So what is so cool about the basement? Picture this (in your minds — the client did not want any photos of this room taken, as it is his personal space): The basement is nearly half the size of the 6000-square-foot home, around 2500 square feet, give or take. The room is divided into different spaces, including a media room, a pool table room, a game room…and a golf simulator.
“It is like the one of the advanced golf simulators that you see at CEDIA,” says Puma. “They hired a golf simulator company to set it up, but I requested the the specs and set up the projector, an Epson, to go opposite the 300-inch curved screen.”
The game room features all the major consoles — PlayStation 4, Xbox One, and Nintendo Wii and Switch. And a basketball hoop.
The pool table room is the other media room in the house, and features five speakers and a subwoofer, although it is not set up for viewing — instead it is built more of as a party experience.
As cool as all that sounds, we are not done yet. “As you walk down to the room there is a Yale lock from Crestron that, if he types in a certain code, it will start up all the music in the game room spaces and automatically turn on the golf simulator,” says Puma. “It will automatically put on his favorite station on Spotify and all the lighting will be turned on — the whole space will be triggered to open into that event. So everything is ready to go and he can start hitting balls.”
But wait, there’s more: “He built it so whenever he gets a hole in one, all the lights downstairs will blink so anyone in any of the other basement areas will know. They have a friendly competition going on.”
The basement was not started yet when Source Home Theater came on the scene, so that made it easier to set up. Plus, being a basement in New Jersey, which are prone to flooding, the builder allowed for plenty of access areas.
Being that the client was already used to Crestron, training him on the similar system went smoothly. However, he hadn’t yet had the experience that Pyng could bring him. “We did the original system about seven years ago,” says Puma. “The programming was a little different, so when he moved over to this new home we built the system with newer graphic design as well as Pyng integration. The power of Pyng is that a lot of things that would have required him to hire a programmer to change, he can now do himself with built-in scheduling and lightning scenes. He really enjoyed that.”
In fact, the client liked it so much that he hired Source Home Theater to update the original system in his NYC Brownstone with the latest version. Which not only has the benefit of more control for him, but also keeps both residences consistent.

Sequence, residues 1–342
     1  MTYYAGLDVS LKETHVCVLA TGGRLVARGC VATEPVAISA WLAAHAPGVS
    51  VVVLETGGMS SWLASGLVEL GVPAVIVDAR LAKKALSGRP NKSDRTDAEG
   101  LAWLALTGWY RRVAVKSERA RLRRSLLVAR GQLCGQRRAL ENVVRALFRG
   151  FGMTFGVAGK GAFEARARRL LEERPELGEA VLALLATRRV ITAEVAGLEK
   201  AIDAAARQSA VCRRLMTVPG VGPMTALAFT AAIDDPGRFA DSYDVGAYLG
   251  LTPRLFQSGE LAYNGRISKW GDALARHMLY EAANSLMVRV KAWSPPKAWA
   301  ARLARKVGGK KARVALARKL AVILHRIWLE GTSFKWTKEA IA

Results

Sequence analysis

Service agreements are a big part of Source Home Theater’s business. In fact, every one of Puma’s clients has an agreement. If not, they don’t work with them anymore.
“I offer the customer the first year free for all services,” explains Puma. “That means that, if there’re any problems with the system, they get that free service. After the first year, the client will pay a rate based upon how robust their system is and how much need they have, based upon their personal needs. Some customers need a little more attention and need handholding more than other customers. I inform every customer that there will be a service contract. I inform them how much it should cost going forward, and they actually sign the agreement from the beginning for the next year.”
This project was one of the first that Puma used SnapAV’s OvrC, which made him a fan. “Everything from the power management to networking switches are all OvrC, as well as the Luma-controlled camera system and the Autonomic systems,” he says.
Part of that service is offering the client some piece of mind regarding cybersecurity. “I do change out the passcode and usernames for all devices every month,” says Puma. “That is part of our service agreement and includes anything that you can log into through a third-party, like OvrC or Araknis, as well as the Crestron products, but I never worry about my Crestron products being locked into because they’ve been government approved and they taught us to do protocols where no one can get into it. I do keep a very close eye on it, and that’s why when a customer doesn’t have a service agreement, we won’t work with them.”
You can’t reach a much happier ending than that — a creative, award-winning install, a very satisfied customer, additional work based on the success of this install, and recurring monthly revenue. Check, check, check, and check.
And admit it — it has you rethinking your basement right now, doesn’t it.